Feeling sad scares the crap out of me. Thankfully, moving here has been a lot easier on my heart than I thought it would be. There’s a lot here to love and a lot to keep me distracted from missing Arizona. But just in general, I tend to run away from feelings. Sad feelings, complicated feelings, even romantic feelings. I’ve been running from them all for about a year (which was the last time that I really felt them in any sort of magnitude. Back then, when Eric was ignoring me and I was breaking up with Derek, I felt them far too much, so now I’m on the other end of the spectrum). I guess we’ll see how this winter fares. Feeeelingssss. Either way, there isn’t much time to be sad. First, because I’m too busy and too focused right now (I have 17 little people counting on my every day). Second, because those 17 little people can make you smile like crazy every day. It’s the little things. Last week during lunch I helped some of the other teachers in the school hang fall-colored leaves and pumpkins down the main hall of our wing. The teacher that made them had a few left over so she let me put them up in my classroom. When the kids came back in and saw the leaves hanging from the ceiling, there was such an uproar you would have thought I’d commissioned da Vinci to paint a mural in our classroom. Oohs and Aahs. And some priceless comments: “I love this! Thank you for doing this for us Ms. F!” and “It’s beeeeeauitful!”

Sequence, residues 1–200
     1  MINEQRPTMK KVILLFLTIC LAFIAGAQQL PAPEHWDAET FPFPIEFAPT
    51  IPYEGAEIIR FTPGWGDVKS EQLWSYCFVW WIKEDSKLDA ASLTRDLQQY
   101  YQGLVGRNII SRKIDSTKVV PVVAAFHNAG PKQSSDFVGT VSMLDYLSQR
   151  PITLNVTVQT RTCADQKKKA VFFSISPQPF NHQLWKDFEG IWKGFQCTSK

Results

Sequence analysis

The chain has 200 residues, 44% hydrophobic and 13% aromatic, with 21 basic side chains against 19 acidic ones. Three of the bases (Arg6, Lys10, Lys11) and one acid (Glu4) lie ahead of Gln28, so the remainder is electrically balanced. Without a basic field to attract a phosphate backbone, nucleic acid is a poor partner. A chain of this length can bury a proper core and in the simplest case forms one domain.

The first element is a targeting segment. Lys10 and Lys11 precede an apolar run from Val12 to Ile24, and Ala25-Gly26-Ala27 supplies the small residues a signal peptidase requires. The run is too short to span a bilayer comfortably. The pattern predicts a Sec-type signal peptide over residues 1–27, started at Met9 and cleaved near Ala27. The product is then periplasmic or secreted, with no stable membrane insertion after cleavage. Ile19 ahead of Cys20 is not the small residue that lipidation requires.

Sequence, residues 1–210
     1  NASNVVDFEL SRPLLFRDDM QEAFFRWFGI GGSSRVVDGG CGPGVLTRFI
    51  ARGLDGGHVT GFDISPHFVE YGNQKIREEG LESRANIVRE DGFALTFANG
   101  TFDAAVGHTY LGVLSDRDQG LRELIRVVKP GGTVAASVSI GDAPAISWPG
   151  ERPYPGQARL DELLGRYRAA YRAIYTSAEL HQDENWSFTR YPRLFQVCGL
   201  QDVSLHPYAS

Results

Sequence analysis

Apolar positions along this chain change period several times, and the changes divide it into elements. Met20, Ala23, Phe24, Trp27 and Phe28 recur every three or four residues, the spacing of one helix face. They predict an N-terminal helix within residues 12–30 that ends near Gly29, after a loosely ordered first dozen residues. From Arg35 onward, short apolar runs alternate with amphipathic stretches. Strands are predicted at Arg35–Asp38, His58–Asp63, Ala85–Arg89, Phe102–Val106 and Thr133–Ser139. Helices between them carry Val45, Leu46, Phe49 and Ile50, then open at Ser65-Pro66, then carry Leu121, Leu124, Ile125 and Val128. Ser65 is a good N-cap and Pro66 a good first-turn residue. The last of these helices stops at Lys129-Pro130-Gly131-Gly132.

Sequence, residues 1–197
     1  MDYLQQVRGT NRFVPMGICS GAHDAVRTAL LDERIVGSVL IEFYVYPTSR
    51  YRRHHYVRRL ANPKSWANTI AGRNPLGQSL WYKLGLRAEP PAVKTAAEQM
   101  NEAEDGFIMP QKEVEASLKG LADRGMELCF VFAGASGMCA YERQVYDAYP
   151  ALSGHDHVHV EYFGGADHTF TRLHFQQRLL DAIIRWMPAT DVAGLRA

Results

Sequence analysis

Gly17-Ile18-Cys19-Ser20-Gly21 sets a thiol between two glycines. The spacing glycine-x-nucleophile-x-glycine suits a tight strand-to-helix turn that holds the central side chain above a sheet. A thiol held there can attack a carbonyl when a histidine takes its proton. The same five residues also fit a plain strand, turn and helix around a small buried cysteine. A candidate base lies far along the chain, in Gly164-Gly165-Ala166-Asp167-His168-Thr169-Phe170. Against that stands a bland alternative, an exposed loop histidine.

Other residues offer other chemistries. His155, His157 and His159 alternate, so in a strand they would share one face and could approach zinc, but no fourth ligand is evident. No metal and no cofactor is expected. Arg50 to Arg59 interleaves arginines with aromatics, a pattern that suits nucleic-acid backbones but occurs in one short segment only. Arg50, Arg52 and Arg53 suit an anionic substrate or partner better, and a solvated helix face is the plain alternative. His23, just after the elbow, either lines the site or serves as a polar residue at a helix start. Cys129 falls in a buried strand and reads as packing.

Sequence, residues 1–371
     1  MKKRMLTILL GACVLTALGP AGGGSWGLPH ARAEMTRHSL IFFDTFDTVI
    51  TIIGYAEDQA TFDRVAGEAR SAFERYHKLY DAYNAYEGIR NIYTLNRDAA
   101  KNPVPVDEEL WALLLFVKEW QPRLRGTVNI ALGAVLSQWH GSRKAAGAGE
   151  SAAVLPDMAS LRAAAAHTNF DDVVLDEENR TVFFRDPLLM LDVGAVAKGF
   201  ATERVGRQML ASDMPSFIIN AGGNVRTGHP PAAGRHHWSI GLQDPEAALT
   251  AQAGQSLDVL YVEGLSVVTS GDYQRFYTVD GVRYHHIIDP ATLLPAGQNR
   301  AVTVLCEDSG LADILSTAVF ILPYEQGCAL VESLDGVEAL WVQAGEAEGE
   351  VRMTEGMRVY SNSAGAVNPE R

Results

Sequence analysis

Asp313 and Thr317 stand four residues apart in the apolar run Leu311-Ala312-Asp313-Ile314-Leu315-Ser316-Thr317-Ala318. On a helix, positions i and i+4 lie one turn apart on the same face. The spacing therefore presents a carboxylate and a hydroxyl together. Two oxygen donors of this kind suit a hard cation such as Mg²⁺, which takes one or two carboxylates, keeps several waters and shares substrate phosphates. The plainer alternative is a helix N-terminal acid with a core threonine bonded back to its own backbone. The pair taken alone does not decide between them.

I wish I could make adults happy that easily.

Thursday, October 15, 2009

So much professional development in my eye

I live in a city full of doctors. My building is basically the dorm for the University of Maryland medical campus (down the street) and all my training, whether for TFA or my school, always ends up being on a Hopkins campus. Mom wants me to bring one home. I just want a pair of scrubs. Those things look pretty comfy.

I suck at transitions. Let’s just dive in… One of the biggest recent successes in my class actually came from an idea passed along by the veteran teacher next door (who I would not be making it without). She suggested that with every Scholastic catalog I send home, I pick a monthly “class book” and suggest that parents buy it. That way we can work on reading it and doing projects with it as a class, and over the year students build up their own small library. This is especially important in a low-income area where not all the kids have easy access to age-appropriate, quality literature. The great thing about Scholastic is that every month one of the books only costs $1. And, these are great books. I mean, next month’s is Ezra Jack Keats’ Snowy Day (Keats is an early childhood staple). So, last month I asked the students to buy Apple Trouble. The order finally came in, I labeled their books, and passed them out. And it was glorious. The kids all practiced with holding a book the right way, turning the pages in unison, and running their fingers underneath the text. They were all just stoked about having their own book, and paid more attention during this lesson than I’ve ever seen before. Every time I turned my copy and they turned to the right page as well, they would smile a huge smile and yell “Look Ms. F! I did it!” We’ve now read the book three times as a class and the kids are starting to memorize parts so they can “read along.” We’ve also done work sequencing the events of the story. They love it. I love it. I nearly cried, looking out at a sea of 17 books in 17 laps with 17 grins.